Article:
Illustrated by Nate Powell
On the morning of Barack Obama’s inauguration to his first term as president, Congressman John Lewis readies himself in his office in Washington D.C. A lady with two kids stops by the office, obviously not expecting the Congressman to be there, but they are delighted to find him and ask questions about his life and his involvement in the Civil Rights Movement. This launches Lewis down memory lane as he recounts his childhood from growing up on a farm, raising chickens, to going to school and getting involved in sit ins at local department store lunch counters. The work isn't done with those demonstrations, as later volumes promise to hold other activism and demonstrations Lewis took part in and led.
This first volume is a great introduction to Lewis' life and the different demonstrations he was part of. Lewis' attachment to his chickens and moral obligation to them as a child gives the reader the foundation for Lewis' sense of right and wrong, and the value he had for all life. The story frame of these stories being told on President Obama's inauguration day tie a historic movement with another historic moment, one many readers may remember themselves (though as this stays alive longer in classrooms, the years dwindle as to how long that will be true).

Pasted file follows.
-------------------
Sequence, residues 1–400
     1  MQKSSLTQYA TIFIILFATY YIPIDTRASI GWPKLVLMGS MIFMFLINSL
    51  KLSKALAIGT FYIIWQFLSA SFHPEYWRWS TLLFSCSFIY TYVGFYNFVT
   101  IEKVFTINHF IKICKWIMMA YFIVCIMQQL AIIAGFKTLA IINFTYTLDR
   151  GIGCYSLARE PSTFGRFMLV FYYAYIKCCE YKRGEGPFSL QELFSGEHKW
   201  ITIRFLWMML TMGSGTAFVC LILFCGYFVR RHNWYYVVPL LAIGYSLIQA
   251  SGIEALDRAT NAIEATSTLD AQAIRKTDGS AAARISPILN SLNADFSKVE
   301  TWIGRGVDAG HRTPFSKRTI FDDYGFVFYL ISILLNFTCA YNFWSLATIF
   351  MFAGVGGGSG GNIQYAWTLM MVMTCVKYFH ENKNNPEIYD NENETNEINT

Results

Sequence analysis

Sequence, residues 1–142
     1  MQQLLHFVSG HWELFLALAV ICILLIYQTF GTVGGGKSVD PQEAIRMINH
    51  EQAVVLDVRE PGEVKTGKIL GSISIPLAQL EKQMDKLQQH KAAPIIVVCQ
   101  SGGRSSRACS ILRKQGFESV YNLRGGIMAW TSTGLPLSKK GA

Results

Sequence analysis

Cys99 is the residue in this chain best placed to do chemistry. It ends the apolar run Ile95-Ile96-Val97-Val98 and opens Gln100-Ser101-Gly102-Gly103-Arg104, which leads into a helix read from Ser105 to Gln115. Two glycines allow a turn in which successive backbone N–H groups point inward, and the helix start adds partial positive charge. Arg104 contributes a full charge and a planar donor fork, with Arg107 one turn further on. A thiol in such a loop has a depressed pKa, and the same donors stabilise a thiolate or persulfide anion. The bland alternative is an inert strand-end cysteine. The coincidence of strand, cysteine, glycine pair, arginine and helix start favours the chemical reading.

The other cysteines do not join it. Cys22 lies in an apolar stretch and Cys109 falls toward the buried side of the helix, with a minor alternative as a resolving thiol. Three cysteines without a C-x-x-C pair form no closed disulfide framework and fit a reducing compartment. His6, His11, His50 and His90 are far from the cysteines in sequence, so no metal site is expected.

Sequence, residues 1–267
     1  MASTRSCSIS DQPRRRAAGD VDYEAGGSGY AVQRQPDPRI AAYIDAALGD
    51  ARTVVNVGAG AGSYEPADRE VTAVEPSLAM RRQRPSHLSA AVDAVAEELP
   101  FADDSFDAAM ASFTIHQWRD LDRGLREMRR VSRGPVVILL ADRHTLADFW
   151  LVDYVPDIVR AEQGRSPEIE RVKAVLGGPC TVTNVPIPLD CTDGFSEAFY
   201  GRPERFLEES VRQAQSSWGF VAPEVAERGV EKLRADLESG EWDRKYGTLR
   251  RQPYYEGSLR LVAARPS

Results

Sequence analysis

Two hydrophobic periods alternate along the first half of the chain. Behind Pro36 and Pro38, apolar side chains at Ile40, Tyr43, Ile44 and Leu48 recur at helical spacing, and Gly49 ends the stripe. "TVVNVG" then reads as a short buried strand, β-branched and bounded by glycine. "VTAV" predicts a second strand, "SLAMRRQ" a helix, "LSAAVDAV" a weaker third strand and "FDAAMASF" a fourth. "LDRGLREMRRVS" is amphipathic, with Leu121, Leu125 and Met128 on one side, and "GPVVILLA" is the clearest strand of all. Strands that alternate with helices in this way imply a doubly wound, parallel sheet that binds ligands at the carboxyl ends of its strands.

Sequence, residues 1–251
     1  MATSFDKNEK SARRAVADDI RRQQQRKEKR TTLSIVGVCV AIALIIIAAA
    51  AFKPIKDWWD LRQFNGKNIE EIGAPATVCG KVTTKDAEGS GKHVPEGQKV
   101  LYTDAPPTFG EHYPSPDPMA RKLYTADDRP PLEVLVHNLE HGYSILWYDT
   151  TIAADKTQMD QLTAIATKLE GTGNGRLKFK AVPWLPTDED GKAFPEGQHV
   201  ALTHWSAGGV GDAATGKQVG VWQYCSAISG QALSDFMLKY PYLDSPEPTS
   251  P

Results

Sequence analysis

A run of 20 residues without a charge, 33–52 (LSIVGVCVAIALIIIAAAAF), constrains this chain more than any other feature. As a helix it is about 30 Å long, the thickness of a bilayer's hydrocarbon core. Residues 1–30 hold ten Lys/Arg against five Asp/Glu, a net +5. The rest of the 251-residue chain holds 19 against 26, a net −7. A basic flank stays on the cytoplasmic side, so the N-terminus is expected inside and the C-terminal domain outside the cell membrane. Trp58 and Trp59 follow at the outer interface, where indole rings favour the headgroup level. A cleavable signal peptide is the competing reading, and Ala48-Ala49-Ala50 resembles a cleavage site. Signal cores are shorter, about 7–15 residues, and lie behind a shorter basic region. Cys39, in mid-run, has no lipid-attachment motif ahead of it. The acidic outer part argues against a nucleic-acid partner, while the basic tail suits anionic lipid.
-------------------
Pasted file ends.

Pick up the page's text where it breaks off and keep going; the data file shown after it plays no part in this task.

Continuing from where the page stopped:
Powell's illustrations, although black and white, are truly powerful and used with such skill. His use of perspective and shadows help tell the story like another layer of narration. There is so much detail in each panel that repeat readers will be rewarded every reading with noticing something new.
Since this work is primarily about the American Civil Rights Movement, students with some knowledge of the history will get more enjoyment and understanding out of the work. This story could be read and enjoyed by students as young as 6th grade if they already have knowledge of the Movement, but since this is more heavily covered in 8th grade, that's where I'd place the beginning of the suitability range for this book.
Sara's Rating: 10/10
Suitability Level: Grades 8-12
Tags: Rating: 10/10, Suitability: Middle School, Suitability: High School, Graphic Nonfiction, Memoir, History, Race Relations
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